Another fan of the college is Linda MacDonald Brown, who practised medicine for 40 years in P.E.I. Since retiring in June of 2018, she has dived into many of the programs on offer.

 

“It opens the door to so many different fields that I always wanted to investigate and didn’t have the time or chance to do,” she said.

 

An active senior, MacDonald Brown says she particularly enjoyed the college’s hiking program, which in turn has got her involved in a cycling group.

 

Another college program reintroduced her to a youthful pleasure.

“I have had the enjoyment of getting back into painting.”

She now dabbles in watercolours, acrylics, charcoal and sketching.


MacDonald Brown says the social aspect of the Seniors College is not to be overlooked.

 

“You spend your whole life in your career, and around the people you know from your career. The college gives you a chance to get outside your box or normal sphere of activity. It introduces people to new areas that they probably were always interested in, but didn’t really know how to go about getting into them.”

 

 

A native of Ireland, Nollaig Bonar of Charlottetown offers a poetic description of the Seniors College. She describes it as “a bouquet of delights” that helps fill her love of learning.

 

Bonar’s first name is Irish Gaelic and means Christmas. She immigrated to Canada in 1977 when she was offered a job in occupational therapy at the rehab centre in Charlottetown.

 

Leaving her native country wasn’t unusual for her generation.

“Immigration is always a career choice in Ireland, where do you want to be and where do you want to be it.”

 

Bonar retired about 10 years ago and says seniors like her have a thirst for knowledge.

 

“I think that as we grow older maybe we get more curious. We are free in terms of our stage in life to explore more knowledge in a way that when you were a busy worker and running a home, you’re learning what you need to do to earn your bread, but this is like pure pleasure in a one payment deal for a whole year.”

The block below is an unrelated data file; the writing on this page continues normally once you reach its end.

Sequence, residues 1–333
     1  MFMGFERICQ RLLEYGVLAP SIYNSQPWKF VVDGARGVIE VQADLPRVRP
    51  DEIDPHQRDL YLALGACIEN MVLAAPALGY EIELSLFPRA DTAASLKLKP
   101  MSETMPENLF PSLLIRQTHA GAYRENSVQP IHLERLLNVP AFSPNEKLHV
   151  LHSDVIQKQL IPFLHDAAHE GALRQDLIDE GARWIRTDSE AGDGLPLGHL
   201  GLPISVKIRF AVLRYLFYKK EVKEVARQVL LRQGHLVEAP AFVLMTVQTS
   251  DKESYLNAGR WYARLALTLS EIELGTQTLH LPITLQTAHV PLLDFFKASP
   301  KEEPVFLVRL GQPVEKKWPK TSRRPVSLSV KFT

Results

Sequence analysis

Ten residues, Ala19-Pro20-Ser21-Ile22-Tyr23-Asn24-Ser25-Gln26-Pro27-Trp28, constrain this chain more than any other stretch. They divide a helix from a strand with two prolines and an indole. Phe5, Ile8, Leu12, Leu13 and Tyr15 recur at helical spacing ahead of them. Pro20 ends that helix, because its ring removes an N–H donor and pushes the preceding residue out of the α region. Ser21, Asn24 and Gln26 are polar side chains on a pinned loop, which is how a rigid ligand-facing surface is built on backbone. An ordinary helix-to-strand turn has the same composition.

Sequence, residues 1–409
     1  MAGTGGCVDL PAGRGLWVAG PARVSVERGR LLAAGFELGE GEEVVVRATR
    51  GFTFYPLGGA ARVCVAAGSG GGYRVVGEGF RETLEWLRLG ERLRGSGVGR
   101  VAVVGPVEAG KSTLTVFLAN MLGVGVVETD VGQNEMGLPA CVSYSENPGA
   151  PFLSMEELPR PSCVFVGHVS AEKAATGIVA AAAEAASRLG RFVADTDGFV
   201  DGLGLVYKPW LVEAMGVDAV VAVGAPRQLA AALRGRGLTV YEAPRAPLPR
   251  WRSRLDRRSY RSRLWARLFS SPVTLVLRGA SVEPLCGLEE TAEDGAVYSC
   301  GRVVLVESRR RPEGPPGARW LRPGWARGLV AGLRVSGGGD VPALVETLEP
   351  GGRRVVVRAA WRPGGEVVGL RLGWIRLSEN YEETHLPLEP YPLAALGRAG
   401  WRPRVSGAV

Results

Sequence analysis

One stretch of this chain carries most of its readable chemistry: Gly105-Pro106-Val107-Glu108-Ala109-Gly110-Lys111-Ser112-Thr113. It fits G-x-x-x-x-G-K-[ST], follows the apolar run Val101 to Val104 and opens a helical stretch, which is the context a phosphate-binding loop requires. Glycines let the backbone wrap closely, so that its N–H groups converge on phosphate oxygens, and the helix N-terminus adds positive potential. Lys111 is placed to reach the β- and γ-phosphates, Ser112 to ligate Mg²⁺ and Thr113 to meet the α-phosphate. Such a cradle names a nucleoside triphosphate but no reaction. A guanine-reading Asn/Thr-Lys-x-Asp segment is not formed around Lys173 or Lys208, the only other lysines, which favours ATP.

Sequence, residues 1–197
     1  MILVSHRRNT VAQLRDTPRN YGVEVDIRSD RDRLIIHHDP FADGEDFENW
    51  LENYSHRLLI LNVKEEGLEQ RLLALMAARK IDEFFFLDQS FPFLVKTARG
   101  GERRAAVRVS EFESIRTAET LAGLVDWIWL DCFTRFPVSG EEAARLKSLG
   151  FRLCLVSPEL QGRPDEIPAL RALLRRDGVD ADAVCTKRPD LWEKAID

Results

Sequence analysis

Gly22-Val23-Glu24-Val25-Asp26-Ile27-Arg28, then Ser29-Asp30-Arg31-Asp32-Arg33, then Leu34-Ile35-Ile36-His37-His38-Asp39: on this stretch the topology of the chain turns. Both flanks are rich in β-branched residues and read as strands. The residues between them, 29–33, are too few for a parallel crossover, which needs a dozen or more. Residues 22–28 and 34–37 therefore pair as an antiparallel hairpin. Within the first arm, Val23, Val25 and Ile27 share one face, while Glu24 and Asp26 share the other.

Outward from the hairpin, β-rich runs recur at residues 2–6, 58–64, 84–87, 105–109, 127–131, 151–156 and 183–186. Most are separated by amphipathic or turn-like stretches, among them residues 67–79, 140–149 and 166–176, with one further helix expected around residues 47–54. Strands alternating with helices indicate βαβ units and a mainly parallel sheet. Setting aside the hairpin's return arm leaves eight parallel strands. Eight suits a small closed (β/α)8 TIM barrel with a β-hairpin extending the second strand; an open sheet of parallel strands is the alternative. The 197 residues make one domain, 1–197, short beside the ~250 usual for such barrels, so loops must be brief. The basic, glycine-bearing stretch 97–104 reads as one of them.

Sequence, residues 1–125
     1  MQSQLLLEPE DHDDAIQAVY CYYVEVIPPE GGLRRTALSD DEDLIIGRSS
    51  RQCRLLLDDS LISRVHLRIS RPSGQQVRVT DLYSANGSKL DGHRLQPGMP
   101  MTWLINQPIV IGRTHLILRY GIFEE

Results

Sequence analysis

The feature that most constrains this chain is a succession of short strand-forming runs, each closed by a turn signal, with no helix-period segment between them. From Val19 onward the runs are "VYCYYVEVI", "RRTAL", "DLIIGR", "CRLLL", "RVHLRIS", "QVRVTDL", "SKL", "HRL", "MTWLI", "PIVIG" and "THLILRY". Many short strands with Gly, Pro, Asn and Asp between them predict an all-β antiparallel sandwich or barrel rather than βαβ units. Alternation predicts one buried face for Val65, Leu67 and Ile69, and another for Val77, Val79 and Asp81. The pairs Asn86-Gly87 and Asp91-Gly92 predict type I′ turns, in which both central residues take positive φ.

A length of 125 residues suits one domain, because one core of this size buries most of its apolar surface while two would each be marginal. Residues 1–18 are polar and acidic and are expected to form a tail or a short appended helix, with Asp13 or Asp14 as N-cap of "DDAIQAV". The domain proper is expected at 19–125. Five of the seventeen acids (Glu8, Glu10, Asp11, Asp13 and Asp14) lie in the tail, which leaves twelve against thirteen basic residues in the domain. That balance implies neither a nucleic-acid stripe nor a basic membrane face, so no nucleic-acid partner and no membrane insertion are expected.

She says seniors college participants need to be strategic in making choices.

“The challenge is to take the ones that you really like and not overlap (with other courses). You have to make some hard choices sometimes because there are so many courses, so many good presenters and so many great topics.”

 

Bonar is always impressed not only by the courses and lecturers, but also by her classmates.

“It’s amazing to learn from the teachers, but my goodness, there is an awful lot of learned people amongst my peers that are taking the courses, and the things and experiences they share. The knowledge, it’s wonderful.”

 

 

Gary MacDougall submitted this article on behalf of the Seniors College of P.E.I.




For More Information

Charley Scott
info@seniorscollege.ca
(902) 894-2867

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REGIONS
QUEENS COUNTY
KINGS COUNTY
PRINCE COUNTY
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PROVINCIAL COORDINATOR:
Charley Scott